Jesus knew what he was doing. He was giving them an object lesson, as he did so often. He was showing them how he wants them to treat each other. Jesus want them to know, life -real life-the good life- comes from serving one another. It comes from showing hospitality to one another. It comes from living as a community, where the health of one is the health of all, the success of one is the success of all, and likewise, the pain of one is the pain of all. As he washes their feet, he demonstrates that they are all in it together. This is how we are community together. This is not about how we reach out to the world. That is in a different lesson. Tonight it’s how do we be a community, a congregation, if you will. We are taught to do for each other, to be little Christ’s for each other.

Brennan Manning, in the Ragamuffin Gospel, says it this way: “The way we are with each other is the truest test of our faith.” (pg 140) How I treat a brother or sister from day to day, how I react to the tattered man standing on the corner, how I respond to interruptions from people who won’t ever be able to offer me anything, how I deal with normal people in their normal confusion on a normal day may be a better indication of my love for God than the presence of my car in the church parking lot on Sunday morning.

Jesus told them “Where I am going, you cannot come.’ so they clearly have to use this lesson here. And now. In this life. In this place. Their way of being a group, a community, a congregation, is to be so obviously different, so clearly Christ following, that everyone will be able to tell, this is no ordinary group. There is something SPECIAL going on here.

So let me ask you… If we didn’t meet in a church building, with its soaring roof, and big cross, and pretty windows, would anyone be able to tell we were the church by how we treat each other?

It is good when we take care of each other. But we dare not stop there. Because how we treat each other is practice for how we treat our neighbors.

Would anybody be able to tell we are church people by how we treat our neighbors?

Would anybody be able to tell?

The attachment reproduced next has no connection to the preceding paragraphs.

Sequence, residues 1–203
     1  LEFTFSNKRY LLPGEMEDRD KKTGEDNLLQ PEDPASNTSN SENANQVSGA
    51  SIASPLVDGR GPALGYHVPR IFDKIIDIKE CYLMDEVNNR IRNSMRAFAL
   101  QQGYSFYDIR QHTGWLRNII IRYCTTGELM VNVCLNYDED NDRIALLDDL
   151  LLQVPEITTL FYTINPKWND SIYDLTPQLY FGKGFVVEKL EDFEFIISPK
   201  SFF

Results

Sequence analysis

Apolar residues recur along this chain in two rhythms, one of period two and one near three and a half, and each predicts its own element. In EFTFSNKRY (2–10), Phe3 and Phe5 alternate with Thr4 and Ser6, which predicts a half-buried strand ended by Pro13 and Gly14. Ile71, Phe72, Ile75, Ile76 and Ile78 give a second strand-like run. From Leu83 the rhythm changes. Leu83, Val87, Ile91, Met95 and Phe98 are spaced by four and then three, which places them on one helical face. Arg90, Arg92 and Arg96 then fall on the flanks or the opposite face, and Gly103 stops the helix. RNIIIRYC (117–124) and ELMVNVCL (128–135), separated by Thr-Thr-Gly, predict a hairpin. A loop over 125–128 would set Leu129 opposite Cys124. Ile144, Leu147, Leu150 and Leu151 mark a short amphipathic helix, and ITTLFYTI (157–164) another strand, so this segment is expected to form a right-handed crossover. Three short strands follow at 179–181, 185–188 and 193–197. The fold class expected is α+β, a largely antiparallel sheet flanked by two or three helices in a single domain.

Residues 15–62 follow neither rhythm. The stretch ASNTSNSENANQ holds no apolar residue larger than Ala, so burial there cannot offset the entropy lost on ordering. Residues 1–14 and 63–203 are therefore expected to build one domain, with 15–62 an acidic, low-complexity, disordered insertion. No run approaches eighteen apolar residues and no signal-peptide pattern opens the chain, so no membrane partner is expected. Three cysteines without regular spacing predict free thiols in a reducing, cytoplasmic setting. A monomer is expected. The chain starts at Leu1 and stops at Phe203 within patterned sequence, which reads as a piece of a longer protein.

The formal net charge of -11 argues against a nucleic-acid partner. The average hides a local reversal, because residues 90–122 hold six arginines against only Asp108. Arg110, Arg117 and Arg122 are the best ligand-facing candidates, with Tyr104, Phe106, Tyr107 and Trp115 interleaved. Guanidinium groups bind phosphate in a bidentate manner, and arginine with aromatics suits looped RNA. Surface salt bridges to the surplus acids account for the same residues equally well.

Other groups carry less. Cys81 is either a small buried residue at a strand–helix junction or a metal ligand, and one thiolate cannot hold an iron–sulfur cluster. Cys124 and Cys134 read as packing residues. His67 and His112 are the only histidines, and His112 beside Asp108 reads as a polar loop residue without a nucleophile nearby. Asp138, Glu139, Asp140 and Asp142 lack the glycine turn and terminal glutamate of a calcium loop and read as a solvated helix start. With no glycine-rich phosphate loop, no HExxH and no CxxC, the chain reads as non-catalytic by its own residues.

I hope the answer is yes. But even if the answer is no, God loves us too much to leave us as we are.

Please join me in prayer.

Holy God, come into our hearts and increase our faith. Inspire us in serving your people and being the church for the good of the world. In Jesus’ name we pray. Amen.

And now please join me as we sing “In Christ Alone My Hope Is Found”.

Blessings to you,

Pastor Karla

Scripture quotations are from the New Revised Standard Version Bible, copyright 1989, Division of Christian Education of the National Council of the Churches of Christ in the United States of America. Used by permission. All rights reserved.

Manning, Brennan. “A Ragamuffin Gospel” Multnomah Books, Colorado Springs, CO, 1990, 2000, 2005.

*Thanks to Brian Hardin of for the notion of the shape of love, March 29, 2018 recording.

Published by: Pastor Karla

I am a pastor and a retired Navy Chaplain who believes following Jesus in compassion, service and gratitude is the very best kind of doctrine. God is present in the world in the Spirit and in the church as the body of Christ. I am a One on the enneagram who lives to find the balance between having my 'to do list' all crossed off at the end of the day and being spontaneous in the moment. Biblical literacy is important to me, and I want to make the meaning of the Bible and its stories less of a mystery to the average person so the love of God comes through to them clearly. You can contact me at blessings to you, Pastor Karla